If you play with your cat before every meal, they will understand how the day works and will be less troublesome at night.
If you have trouble with your cat eating your houseplants, this interactive toy is a great way for your cat to expend their excess energy.
An additional tip: serve the final meal of the day minutes before you go to sleep. It is best if your cat finishes only when you are in bed and pretend to be asleep.
Step 3. Make your bedroom entrance less appealing for your cat
One of the simplest way to stop your cat scratching the door at night is to close the door and place a device called ” sssCat ” on the floor in front of it. What is it? sssCat is a motion-activated pet deterrent that releases a burst of air every time anyone comes closer.
When your cat comes to your bedroom door to scratch at it, sssCat lets out a small burst of air. Your cat will not try scratching again very soon. If they try again, sssCat will do its job again. What this device provides is consistency of negative reinforcement for unwanted behavior. It doesn’t hurt your house cats but they definitely don’t like the puff of air. As a cat owner, you can test this by blowing into your cats face. They just love it don’t they? Just watch for their paw swinging at your face when you do this test. Or you can just take our word for it.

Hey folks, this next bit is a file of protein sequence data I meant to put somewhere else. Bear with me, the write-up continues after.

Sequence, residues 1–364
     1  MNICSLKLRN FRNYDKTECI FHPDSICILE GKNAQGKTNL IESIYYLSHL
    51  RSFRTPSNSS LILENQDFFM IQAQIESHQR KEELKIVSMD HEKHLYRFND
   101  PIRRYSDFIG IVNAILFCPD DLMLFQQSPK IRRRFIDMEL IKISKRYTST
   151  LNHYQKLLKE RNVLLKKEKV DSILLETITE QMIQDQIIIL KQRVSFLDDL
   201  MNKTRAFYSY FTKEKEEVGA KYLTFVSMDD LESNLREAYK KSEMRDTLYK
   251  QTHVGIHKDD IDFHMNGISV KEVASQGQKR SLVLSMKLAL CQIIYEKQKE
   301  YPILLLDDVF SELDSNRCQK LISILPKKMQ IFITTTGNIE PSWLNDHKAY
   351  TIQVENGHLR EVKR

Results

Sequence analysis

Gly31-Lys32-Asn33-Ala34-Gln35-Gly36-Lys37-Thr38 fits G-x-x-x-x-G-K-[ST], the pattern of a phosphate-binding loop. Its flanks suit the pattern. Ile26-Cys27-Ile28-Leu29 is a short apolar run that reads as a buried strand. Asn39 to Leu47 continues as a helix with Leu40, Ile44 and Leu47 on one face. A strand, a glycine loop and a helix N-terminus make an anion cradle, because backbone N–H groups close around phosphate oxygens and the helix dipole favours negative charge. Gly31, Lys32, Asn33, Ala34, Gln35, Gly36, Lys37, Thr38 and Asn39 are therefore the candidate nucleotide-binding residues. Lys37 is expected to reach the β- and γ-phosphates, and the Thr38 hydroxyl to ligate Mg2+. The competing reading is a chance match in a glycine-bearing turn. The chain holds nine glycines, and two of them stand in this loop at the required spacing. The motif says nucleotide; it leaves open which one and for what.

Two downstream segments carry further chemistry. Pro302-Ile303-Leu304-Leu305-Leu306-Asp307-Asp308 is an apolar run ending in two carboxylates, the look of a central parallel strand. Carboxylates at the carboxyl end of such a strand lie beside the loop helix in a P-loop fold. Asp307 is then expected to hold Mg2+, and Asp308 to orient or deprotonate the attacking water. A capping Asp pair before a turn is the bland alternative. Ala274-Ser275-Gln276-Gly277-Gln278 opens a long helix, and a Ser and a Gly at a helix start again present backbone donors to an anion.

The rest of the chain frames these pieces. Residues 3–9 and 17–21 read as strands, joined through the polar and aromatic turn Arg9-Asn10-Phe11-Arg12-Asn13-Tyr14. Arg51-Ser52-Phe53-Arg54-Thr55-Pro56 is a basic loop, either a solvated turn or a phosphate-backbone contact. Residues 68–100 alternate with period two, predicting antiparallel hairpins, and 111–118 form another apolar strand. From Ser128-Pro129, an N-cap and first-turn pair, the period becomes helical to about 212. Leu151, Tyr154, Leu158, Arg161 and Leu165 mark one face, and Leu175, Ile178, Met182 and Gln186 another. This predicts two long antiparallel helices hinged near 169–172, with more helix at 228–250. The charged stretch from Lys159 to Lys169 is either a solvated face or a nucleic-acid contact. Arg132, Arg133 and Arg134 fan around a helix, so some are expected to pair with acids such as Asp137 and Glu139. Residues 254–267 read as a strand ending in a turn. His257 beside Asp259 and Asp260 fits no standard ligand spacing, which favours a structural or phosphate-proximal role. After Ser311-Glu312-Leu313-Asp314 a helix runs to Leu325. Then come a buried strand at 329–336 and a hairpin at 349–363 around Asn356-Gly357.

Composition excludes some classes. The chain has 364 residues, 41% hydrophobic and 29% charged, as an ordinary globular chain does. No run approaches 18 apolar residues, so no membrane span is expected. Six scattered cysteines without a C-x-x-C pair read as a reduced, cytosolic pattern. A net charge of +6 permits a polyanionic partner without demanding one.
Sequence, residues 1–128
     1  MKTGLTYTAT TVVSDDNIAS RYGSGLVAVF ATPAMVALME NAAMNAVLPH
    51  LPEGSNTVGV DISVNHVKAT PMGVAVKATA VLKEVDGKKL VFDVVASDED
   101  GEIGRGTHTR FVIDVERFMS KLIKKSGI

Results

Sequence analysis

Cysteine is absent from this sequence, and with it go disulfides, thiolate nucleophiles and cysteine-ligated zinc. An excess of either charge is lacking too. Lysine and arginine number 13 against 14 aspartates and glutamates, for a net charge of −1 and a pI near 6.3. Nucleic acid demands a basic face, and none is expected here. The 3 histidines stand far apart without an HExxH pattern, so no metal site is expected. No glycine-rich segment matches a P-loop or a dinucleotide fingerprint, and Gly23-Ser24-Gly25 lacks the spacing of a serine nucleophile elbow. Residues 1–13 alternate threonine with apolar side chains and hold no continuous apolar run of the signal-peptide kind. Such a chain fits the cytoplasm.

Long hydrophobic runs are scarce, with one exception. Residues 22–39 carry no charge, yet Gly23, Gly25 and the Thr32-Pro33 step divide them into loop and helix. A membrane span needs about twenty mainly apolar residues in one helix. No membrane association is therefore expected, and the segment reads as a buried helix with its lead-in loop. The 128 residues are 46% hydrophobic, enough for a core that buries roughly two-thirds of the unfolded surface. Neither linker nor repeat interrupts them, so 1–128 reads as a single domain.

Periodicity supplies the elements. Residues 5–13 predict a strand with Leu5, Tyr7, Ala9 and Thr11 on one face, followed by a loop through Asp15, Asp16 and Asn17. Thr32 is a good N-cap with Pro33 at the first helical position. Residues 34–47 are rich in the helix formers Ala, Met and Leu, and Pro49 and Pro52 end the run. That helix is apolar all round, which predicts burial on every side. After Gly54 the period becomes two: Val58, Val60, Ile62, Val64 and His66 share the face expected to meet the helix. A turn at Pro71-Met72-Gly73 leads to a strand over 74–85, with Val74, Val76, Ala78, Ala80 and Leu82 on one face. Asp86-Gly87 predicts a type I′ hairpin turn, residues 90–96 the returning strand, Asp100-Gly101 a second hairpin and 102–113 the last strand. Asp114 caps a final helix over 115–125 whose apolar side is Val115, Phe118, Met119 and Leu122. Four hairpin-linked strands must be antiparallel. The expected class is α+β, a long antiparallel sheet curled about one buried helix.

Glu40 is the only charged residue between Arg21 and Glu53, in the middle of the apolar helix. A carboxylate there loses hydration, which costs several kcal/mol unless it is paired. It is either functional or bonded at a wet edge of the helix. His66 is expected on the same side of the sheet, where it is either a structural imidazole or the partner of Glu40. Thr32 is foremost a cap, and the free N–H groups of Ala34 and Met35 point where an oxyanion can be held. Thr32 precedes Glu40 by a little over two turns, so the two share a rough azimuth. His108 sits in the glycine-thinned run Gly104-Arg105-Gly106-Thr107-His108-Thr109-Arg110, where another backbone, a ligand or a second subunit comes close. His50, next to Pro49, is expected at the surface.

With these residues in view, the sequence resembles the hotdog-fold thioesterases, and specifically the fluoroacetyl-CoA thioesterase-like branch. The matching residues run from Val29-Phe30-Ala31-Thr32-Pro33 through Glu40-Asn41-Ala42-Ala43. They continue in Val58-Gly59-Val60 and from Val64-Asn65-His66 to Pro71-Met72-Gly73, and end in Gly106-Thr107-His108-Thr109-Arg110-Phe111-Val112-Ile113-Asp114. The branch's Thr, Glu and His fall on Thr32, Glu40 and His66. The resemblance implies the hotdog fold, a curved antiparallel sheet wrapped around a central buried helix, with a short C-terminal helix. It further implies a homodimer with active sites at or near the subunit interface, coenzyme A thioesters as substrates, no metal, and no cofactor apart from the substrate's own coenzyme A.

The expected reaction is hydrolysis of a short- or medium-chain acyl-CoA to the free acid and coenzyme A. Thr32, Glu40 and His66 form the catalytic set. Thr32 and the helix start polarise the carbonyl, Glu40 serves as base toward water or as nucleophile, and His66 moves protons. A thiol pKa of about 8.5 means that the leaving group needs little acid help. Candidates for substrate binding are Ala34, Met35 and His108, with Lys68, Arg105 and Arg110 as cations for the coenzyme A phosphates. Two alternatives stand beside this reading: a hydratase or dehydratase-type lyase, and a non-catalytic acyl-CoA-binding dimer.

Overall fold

Best of all, your cat does not associate this negative reaction in any way to you the cat owner. This preserves your relationship. Pretty soon your cat will understand that the door is not a very friendly location. They will not even try to approach it. You can buy sssCat here on Amazon.
Another thing that many cats don’t like is a mat placed with double-sided tape stuck to the door. Cats don’t like putting their paws on sticky tape. As they won’t get near your door, they won’t be able to scratch, meow, or purr to get your attention. We’ve tried this and unfortunately our cats just ended up screaming because they couldn’t get the tape off their paws. They ended up in a corner, tape all over them, just screaming “help me”. The idea of having one side stuck to the floor to keep it there didn’t work for us. We also tried putting tin foil in front of our door. We found it later shredded. Our cats had a field day with it before they started their antics in front of our bedroom door.